Though this recent RBI development will relatively bring down the risk of card-skimming and other banking frauds, people, however, should take these necessary measures to avoid falling prey to any of such frauds.
Recently, the anti-bank fraud cell of the Central Crime Branch (CCB) arrested nine workers of a juice shop from Bihar in connection with phishing of debit card information, using skimmers. A complaint was filed that money was taken from the customers’ debit and credit card accounts without their knowledge. A senior police officer investigating the case said that all customers were told to make payment through their cards only, as the juice shop refused to take any cash. Customers used to swipe their cards and leave without knowing that their card details had been stolen.
Though the government’s thrust on financial digitization has brought about a consistent rise in cyber-crime in the past few years, however, with the recent development of the Reserve Bank of India (RBI), consumers can now rest assured. The RBI has permitted authorized card payment networks to offer card tokenisation services to any third party requesting it.
Tokenisation acts as an additional layer of security that masks sensitive card data such as the 16-digit account number, expiration date, and security code. Instead of that, it creates a set of numbers that is used to substitute the card information. This way the card information is not disclosed to the website or merchant when you are making a transaction.
Experts say though the recent RBI development will relatively bring down the risk of card-skimming and other banking frauds, people, in general, should take necessary measures to avoid falling prey to any of such frauds.
Know how to Exercising Caution
- As a precaution, experts suggest people who use digital payments and cards quite often should monitor their accounts regularly, and check for any unusual activity. Users should never link the payment wallets to one’s debit, credit cards or bank accounts.
- Try to use only one card to recharge digital wallets, as it limits the risk to a single card if the account is hacked.
- Common passwords should not be used. Also, passwords should be changed on a regular basis. Ensure that the card number is not visible to retailers at the time of purchase.
- You can also set up a PIN on all banking and payment apps that they will be asked before all transactions.
- Also, users should also be careful while downloading an app. One should abstain from downloading apps from sites that are not credible. Do not respond to a request from apps which do not look trustworthy.
- Installing an anti-virus on phones is crucial, as it makes the phone less vulnerable to virus or malware attacks. Enable maximum security protection available on the smartphone as well as the mobile wallet.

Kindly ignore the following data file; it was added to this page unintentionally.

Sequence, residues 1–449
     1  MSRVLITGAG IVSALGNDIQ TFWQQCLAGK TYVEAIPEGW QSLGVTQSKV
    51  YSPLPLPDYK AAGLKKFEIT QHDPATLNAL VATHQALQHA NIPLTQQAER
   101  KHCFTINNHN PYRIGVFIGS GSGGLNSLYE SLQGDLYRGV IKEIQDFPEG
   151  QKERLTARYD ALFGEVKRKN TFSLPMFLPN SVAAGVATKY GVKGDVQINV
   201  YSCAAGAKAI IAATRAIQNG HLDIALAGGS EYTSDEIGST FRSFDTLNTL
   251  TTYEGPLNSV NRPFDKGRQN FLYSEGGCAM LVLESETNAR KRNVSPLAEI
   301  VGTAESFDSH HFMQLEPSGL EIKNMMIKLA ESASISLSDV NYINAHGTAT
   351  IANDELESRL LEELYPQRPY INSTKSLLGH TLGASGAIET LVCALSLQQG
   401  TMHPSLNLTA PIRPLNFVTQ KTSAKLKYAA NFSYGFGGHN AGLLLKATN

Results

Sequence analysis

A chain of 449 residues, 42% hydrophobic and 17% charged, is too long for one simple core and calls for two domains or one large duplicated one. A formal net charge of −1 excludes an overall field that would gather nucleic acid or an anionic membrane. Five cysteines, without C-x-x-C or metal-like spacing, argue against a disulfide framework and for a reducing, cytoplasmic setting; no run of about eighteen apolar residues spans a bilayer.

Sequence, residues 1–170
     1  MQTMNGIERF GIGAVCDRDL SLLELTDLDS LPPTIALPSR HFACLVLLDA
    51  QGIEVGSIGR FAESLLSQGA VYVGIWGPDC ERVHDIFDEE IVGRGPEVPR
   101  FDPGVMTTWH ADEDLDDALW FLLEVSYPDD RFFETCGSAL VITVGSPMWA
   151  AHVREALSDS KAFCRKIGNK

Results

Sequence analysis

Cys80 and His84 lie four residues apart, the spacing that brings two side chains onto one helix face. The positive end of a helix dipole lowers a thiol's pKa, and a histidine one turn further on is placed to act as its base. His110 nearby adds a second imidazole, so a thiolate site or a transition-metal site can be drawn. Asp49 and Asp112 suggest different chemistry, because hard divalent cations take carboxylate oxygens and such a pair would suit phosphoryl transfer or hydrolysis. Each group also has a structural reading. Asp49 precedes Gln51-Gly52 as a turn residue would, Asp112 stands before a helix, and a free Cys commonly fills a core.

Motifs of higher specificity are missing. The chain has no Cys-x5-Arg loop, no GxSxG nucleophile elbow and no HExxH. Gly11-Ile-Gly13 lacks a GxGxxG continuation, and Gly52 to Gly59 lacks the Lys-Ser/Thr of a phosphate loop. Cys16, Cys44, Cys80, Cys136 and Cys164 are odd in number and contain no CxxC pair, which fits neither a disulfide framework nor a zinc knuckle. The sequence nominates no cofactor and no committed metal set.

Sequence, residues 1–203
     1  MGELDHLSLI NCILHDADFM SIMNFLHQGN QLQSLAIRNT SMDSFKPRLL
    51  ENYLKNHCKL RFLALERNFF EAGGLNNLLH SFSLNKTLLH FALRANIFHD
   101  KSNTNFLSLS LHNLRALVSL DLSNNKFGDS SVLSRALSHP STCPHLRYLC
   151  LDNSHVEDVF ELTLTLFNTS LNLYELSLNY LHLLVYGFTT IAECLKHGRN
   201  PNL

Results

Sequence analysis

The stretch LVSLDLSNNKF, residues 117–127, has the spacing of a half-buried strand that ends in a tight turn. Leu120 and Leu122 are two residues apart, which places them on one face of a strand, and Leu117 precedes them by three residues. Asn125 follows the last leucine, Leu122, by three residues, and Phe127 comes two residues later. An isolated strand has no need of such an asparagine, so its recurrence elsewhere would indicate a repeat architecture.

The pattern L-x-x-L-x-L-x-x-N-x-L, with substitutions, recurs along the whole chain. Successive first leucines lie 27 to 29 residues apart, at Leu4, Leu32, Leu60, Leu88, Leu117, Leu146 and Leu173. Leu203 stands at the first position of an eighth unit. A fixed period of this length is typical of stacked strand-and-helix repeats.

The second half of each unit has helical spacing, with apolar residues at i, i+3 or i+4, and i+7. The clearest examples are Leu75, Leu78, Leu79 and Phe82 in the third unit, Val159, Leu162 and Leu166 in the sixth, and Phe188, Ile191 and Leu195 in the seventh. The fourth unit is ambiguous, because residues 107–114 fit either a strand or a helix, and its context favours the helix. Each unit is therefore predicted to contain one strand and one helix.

- Industry experts also suggest creating a separate email account for different purposes could prove to be helpful. If there is one email linked to all accounts, after cracking the password for the main email ID, the hacker will have the key to the user’s personal data such as bank account number, passport details, and date of birth.
- Users must also be wary of online pop-ups as these could contain malicious software for tricking users.
- Not only banks and cards, but mobile banking through wallets also allows people to view transaction history and get an alert every time there is any activity. Many users with poor awareness of security features in their devices get easily targeted to carry out frauds. Always keep a track of all the messages and notifications that you receive from your bank or wallet providers to be sure of all the transactions made.
- One should also try to log out of mobile wallets, even if it may be inconvenient to key in the details again so that you do not lose money in case the mobile is stolen.
- Also, avoid storing your card details on websites. Storing card details on websites is asking for trouble. Taking a few extra seconds to feed in card details while paying online is a small price to pay for peace of mind.
In Case of a Cyber Attack: The first thing to do is inform the payment wallet provider and get in touch with the bank concerned. You need to change your credentials immediately. Providing information to the concerned financial institution helps them investigate the fraud and preventing it from recurring. If a phone is stolen, the SIM card needs to be blocked, and then the bank and the wallets service providers should be informed for blocking transactions. However, if your phone is attacked by malware, do a factory reset. You can then visit a cyber crime cell and file a complaint. All financial institutions have their own cybercrime units, and online and banking fraud cells.